ABERDEEN, Idaho — Inflation is driving the cost of groceries to record highs, but it’s not the only reason food prices are going up. Many farmers are struggling to grow as much food as they used to.
There are environmental and supply chain factors making farming a tougher profession than ever before.
But, Idaho potato farmer Ladd Wahlen said he is not giving up on his family legacy.
“My great grandfather, Peter, he immigrated from Sweden,” said Wahlen. “He farmed, and then my grandfather farmed, my father farmed. I want to be able to honor his name and kind of carry on the farming legacy that he started.”
But in today’s climate, keeping that legacy alive gets harder.
“In the end, our margins are just so slim to none that by now, it's very hard to manage,” said Wahlen.
But Wahlen knew, with a little innovation, he could turn his potatoes into profit in a new way.
He and his wife cooked up a plan to manufacture potato chips on their Idaho farm. Their company Roots Potato Chips makes a handful of flavors of potato chips from fresh crops on their farm.
“A genuine Idaho potato chip is what we make,” said Wahlen.
But those chips are getting more expensive to make. Washington and Idaho—our nation’s top potato producers—are in a severe drought.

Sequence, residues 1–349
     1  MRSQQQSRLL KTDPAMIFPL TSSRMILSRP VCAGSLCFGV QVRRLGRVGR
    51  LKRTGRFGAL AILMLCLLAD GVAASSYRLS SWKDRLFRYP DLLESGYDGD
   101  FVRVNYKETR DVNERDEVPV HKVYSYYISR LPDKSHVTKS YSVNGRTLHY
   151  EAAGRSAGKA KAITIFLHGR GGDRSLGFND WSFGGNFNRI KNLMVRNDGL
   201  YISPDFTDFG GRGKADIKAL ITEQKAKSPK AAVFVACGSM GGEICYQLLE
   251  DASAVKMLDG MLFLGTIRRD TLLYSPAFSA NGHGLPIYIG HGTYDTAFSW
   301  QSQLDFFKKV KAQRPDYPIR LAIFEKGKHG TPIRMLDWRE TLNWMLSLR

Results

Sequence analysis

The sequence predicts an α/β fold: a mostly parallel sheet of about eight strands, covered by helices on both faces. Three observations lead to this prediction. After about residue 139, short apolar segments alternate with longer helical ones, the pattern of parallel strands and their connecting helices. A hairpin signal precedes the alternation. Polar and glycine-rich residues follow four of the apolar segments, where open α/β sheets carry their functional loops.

For the first time in 40 years, farmers from Maine had to ship potato seeds to Washington and Idaho to help farmers grow this year’s crop, but that still may not be enough.
“The drought situation is a severe situation. We're not really sure if we have sufficient water to finish a potato crop or even to plant some potato acres,” said Wahlen.
With less water, farmers can’t plant as many potatoes. ‘It could lead to shortages in potato supplies,” said Wahlen.
For the crops they can grow, the supply costs are increasing at record rates.
“Fertilizers, chemicals, fuel, all those things have skyrocketed, may be increased by 50%,” said Wahlen. “On the processing side for chips, same thing — certain key ingredients of seasonings have gone up 300%, which is insane.”
Economic experts say these factors combined could increase the price you pay for potatoes this year by 30%. For an average bag of chips, that’s an extra dollar and 60 cents.
“It's going to end up going to the consumer. I'm really hopeful that it is a short-term problem and hopefully we have a solution soon. But I don't see a solution coming in the near future,” said Wahlen.
Wahlen believes a solution could come with help from state or federal leaders to slow inflation.
“We just need to implement policies so we can avoid some of these situations that we're currently in with inflation.”
If relief doesn’t come, it won’t be just this family’s legacy on the line. Farmers across the country operating smaller family farm operations could vanish. “It's very important that we keep them going and keep them providing food for our nation and the world as a whole.”